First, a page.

Wool is one of the best-performing fibers, and it boasts being an all-natural alternative to synthetics. The fibers are collected during the annual shearing of sheep, goats, and alpaca, and then processed. The “crimped” nature of the wool fibers makes them an effective insulator against the cold, which is why the fiber has been used for thousands of years to make warm clothing and blankets. The quality and properties of the wool, however, vary considerably, depending on the type and breed of animal.
“Sheep’s wool” refers to the fibers produced by various breeds of adult sheep raised worldwide (as opposed to “lambswool,” which comes from their lambs). Sheep’s wool is the most common and widely available type of wool. The quality varies depending on the breed of sheep that produces it. In addition to its insulating properties, sheep’s wool contains lanolin, which repels water and bacteria. This explains why wool doesn’t readily absorb odors compared to other materials. Garments made from ‘regular’ sheep’s wool, while warm, are relatively heavy and can feel scratchy due to the coarseness of the wool.
Merino wool is softer and more refined than regular wool. It comes from Merino sheep, raised mostly in Australia and New Zealand and bred to produce very fine wool fibers. Merino wool is well-suited for performance clothing especially, given its moisture wicking properties. It is warm, yet lightweight and breathable. Merino is great for travel and a variety of climates. One of the best parts of merino wool is easy care - it can be washed in your machine! Don’t forget to line dry!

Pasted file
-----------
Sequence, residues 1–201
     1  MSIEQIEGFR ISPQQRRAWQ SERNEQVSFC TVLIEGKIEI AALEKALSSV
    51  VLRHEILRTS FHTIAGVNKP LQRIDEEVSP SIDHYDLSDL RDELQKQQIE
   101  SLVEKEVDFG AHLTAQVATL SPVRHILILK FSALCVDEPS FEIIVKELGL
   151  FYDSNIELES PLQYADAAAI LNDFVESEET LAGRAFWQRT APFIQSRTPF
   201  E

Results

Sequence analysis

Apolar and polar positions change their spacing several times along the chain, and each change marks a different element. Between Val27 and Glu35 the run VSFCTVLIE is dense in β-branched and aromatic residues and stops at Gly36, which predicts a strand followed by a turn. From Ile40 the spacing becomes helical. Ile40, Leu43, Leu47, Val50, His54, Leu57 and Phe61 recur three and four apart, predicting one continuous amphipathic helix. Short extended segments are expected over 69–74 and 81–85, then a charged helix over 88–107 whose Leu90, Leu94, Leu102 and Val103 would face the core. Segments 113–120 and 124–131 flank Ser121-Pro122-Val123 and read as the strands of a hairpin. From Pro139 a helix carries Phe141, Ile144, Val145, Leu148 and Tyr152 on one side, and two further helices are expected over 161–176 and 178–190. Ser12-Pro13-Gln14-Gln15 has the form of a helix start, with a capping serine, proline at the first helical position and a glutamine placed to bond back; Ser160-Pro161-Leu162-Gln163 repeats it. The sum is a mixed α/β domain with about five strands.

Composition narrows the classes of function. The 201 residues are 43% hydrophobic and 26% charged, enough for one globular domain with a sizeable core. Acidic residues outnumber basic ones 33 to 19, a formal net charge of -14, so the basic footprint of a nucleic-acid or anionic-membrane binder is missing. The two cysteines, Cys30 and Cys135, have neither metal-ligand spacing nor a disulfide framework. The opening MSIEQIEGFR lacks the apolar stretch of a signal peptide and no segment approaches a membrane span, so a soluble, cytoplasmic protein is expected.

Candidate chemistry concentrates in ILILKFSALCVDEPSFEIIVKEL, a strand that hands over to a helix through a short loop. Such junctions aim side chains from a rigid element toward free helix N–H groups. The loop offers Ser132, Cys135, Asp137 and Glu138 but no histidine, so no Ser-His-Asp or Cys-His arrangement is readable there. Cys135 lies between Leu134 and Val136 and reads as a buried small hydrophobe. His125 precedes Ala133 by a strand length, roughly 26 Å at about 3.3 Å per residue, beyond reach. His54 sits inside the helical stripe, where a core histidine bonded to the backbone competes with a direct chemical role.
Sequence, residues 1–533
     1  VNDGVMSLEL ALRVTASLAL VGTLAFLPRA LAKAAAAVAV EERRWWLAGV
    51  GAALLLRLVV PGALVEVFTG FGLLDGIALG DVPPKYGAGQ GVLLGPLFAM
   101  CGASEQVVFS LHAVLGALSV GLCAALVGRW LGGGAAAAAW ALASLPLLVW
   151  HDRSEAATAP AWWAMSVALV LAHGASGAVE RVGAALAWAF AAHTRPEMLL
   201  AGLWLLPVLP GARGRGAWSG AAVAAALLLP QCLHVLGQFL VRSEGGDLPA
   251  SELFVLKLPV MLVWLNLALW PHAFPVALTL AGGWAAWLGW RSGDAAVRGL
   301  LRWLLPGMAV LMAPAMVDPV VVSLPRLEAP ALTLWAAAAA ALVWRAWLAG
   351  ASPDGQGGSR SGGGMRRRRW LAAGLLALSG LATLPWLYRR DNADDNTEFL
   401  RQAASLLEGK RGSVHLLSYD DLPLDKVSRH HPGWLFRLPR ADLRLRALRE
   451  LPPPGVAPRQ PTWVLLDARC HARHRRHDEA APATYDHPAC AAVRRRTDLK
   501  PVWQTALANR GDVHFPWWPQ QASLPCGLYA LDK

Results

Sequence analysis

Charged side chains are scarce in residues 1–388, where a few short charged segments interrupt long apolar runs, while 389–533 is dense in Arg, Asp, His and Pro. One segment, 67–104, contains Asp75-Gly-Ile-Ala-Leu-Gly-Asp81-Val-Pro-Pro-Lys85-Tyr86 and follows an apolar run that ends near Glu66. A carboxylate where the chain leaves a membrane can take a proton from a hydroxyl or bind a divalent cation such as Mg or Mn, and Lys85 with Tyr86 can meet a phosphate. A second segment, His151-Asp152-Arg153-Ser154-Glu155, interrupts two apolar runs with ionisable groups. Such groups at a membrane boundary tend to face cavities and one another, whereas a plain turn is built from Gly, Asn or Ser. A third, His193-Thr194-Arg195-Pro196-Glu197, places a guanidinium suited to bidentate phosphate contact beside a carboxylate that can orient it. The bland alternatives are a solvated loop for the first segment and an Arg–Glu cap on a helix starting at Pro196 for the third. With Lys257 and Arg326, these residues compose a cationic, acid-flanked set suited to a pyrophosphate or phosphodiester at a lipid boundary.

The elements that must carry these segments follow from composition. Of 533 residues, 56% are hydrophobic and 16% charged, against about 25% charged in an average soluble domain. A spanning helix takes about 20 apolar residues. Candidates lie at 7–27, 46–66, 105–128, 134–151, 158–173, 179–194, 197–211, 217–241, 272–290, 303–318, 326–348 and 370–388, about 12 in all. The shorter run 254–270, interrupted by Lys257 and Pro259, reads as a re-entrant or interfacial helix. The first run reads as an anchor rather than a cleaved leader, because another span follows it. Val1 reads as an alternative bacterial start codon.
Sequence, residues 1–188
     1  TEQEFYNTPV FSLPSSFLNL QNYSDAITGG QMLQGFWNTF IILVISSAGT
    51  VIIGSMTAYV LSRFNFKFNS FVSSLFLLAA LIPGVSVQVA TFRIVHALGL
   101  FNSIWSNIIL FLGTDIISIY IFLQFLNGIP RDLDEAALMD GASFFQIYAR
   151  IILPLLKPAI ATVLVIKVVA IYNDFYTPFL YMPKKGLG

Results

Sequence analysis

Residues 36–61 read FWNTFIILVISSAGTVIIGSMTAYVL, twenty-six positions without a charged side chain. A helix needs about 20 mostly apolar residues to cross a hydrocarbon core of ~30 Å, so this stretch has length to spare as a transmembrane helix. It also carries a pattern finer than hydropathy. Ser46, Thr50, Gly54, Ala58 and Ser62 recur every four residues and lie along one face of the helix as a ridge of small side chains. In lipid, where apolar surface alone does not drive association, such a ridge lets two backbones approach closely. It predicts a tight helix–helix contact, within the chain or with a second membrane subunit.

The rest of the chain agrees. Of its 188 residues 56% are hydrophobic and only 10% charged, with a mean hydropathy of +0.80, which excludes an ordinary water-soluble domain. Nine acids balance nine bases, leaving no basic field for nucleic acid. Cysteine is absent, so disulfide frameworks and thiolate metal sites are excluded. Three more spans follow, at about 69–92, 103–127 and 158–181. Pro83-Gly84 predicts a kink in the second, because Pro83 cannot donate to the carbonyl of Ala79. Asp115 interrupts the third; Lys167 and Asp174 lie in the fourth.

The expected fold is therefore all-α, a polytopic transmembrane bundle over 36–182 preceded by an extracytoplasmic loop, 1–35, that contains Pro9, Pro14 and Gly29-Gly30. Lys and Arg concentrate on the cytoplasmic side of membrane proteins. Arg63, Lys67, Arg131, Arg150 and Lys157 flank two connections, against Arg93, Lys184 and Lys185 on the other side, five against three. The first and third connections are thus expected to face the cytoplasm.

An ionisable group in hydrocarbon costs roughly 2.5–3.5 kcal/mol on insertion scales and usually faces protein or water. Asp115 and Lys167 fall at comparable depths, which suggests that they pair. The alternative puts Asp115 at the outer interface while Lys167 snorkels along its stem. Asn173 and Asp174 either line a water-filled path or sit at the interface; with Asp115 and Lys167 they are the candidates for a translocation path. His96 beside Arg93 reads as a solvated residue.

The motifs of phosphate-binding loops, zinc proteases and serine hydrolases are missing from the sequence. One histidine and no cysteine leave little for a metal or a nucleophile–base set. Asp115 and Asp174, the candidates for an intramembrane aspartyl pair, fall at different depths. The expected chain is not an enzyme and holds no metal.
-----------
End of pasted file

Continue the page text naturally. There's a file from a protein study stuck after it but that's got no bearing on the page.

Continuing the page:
Cashmere comes from goats and is softer than sheep’s wool. Specifically, it is produced from fibers that make up the soft, downy undercoat of Kashmir goats originally from areas in China, India, Iran, Afghanistan, and Iraq. Collecting the fibers is a laborious task done by hand during molting season, resulting in relatively small yield. This difficulty with collection explains why it is relatively rare and considered a luxury item. It takes at least two goats to make one two-ply cashmere sweater. By contrast, the wool from one sheep can be used to make four or five conventional wool sweaters.-
Cashmere wool is softer and lighter than sheep’s wool and possesses a higher loft. Because it also drapes beautifully, cashmere garments impart an elegant look on more formal occasions.
Consider the occasion and the amount of warmth needed before selecting your wool sweater this winter season!